Recently I may have inadvertently offended another blogger in a casual comment. I have a special knack for doing that, especially these days when I’m peeking in on the fly and want to pay my respects by leaving a thought, without thinking through how that thought might be construed by someone who doesn’t know that I mean well.
All of this is to say to that person and anyone else to whom it applies, I apologize.
Yesterday I saw the story of Meatball on the news. Meatball’s story is just one example of what I was trying to convey in my comment on the topic of making money through blogging.
In the comment thread, I eventually I went, as I often do, to song lyrics, this time from perennial favorite, David Wilcox (the American one). I quoted the following lines from “Sacred Ground,” which compares music to sex. I was extending that to writing, particularly this new trend of blog magazines, group blogs, many of which have the intent of becoming profit-making:
First, you do it for love/Then you do it with friends/But when you do it for money/Right there’s where the innocence ends.
I want to emphasize that I wish everyone and anyone all the success they desire and deserve.
My point is that the game changes — and it’s no longer a game, or it can be an expensive one — when you turn just about any hobby or recreational activity into a profit-making venture.
Admittedly, I’m painting this with extremely broad strokes, but personal bloggers tend to get away with what could be construed (wow, that must be my word-of-the-day) as intellectual property violations that commercial enterprises would not.
Meatball’s story illustrates that point. Here’s how I understand it, based on the story on the CBS Morning News, which you can watch by clicking here.
A 400-pound bear was seen meandering around Los Angeles and in at least one video he was seen eating meatballs, which earned him the nickname, “Meatball.”
A creative Meatball fan named Sarah Aujero set up a Twitter account in Meatball’s name and “gave him a personality.” Meatball’s personality, courtesy of Sarah’s creativity, earned him a reprieve from being euthanized by the Fish and Wildlife Service. Meatball Awareness (no tm, yet) earned Meatball a home at a San Diego wildlife sanctuary, Lions and Tigers and Bears.
Then things took a turn. (If I had time, I’d insert a “ka-ching” sound, but I’d need to research the copyright issues involved.)
According to the CBS news feed . . .
“Aujero came to visit as much as she could and donated more than $2,000 to build Meatball a new enclosure through the sale of special t-shirts and tote bags. She eventually decided to copyright Meatball’s name, in hopes of a children’s book in the future, but that’s when it got ugly.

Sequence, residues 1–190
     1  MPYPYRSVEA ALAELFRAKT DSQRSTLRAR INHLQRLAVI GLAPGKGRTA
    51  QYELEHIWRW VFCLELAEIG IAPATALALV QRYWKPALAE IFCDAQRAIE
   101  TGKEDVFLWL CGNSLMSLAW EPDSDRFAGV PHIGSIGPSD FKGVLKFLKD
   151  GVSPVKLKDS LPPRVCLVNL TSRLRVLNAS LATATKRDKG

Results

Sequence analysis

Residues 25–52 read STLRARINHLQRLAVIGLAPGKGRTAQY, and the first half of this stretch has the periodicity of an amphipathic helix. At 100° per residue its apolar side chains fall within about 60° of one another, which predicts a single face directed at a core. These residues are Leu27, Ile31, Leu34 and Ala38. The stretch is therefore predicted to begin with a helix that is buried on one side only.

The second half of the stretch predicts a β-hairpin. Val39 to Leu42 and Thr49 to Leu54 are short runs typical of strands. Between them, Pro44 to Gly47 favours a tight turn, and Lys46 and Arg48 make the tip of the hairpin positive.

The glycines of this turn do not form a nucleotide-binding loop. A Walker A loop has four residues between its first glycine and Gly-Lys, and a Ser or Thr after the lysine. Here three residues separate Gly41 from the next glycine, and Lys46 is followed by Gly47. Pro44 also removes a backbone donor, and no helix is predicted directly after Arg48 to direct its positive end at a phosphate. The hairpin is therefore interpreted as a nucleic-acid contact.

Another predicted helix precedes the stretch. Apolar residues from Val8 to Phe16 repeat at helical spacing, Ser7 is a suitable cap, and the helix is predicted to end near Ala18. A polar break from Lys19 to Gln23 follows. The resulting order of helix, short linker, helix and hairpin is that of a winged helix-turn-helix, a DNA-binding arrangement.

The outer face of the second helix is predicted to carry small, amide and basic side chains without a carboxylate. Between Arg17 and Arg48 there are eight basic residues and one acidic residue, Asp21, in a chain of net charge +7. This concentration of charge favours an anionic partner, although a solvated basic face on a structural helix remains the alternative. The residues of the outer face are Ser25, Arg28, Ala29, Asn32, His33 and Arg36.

The animal sanctuary already had a book in the works and wanted Aujero to sign over the legal rights to the Meatball name. ‘We didn’t want to get in a position where we’ve sold merchandize(sic) and then we owe somebody proceeds from it,’ said Brink.
Aujero told “CBS This Morning”: ‘It was never my attention to profit from Meatball. All I wanted to do was help save his life and share his story.’”
I’m not trying to squash anyone’s dreams, nor am I offering legal advice. I’m not saying Aujero wouldn’t have been sitting across from Charlie, Nora, and Gayle humbly sharing her story of “just a simple Twitter feed that became a bestselling children’s book” while on tour promoting her children’s book. I’m not saying that the two sides won’t work it out to be mutually profitable between them, and the bear? Well, he doesn’t get euthanized. So there’s that.
I’m just pointing out that a group of folks entertaining each other on social media is one thing. Potential intellectual property violations seem to be overlooked all the time. But when money comes into the picture, things can take a turn pretty quickly.
Hopefully, creativity and fun and a passion for what you’re doing will sustain you. I just think it helps to go into it knowing that the issues can become complicated and expensive.
So, to you whom I offended, I apologize. I truly meant well, and I wish you the best. I promise to be the first one to buy your t-shirt or children’s book or whatever comes from your dream coming true.